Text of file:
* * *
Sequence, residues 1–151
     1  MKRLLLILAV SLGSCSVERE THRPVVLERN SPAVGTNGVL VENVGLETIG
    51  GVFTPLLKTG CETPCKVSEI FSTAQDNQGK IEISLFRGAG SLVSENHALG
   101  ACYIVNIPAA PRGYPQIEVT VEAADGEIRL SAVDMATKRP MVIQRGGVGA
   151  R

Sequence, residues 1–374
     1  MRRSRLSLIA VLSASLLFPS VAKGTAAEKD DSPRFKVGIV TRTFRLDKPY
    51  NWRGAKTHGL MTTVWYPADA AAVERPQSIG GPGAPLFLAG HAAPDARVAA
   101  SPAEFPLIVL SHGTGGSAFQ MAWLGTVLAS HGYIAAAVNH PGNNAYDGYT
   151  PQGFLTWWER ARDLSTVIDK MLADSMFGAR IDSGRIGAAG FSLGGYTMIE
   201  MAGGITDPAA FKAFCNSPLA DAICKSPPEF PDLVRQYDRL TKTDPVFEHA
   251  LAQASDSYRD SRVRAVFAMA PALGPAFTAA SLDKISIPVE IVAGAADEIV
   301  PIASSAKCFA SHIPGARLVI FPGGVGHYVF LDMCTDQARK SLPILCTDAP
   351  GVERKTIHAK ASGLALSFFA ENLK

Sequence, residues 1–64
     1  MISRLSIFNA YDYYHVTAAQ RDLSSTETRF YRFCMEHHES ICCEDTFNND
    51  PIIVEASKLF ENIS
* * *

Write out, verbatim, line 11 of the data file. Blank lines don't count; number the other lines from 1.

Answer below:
   201  MAGGITDPAA FKAFCNSPLA DAICKSPPEF PDLVRQYDRL TKTDPVFEHA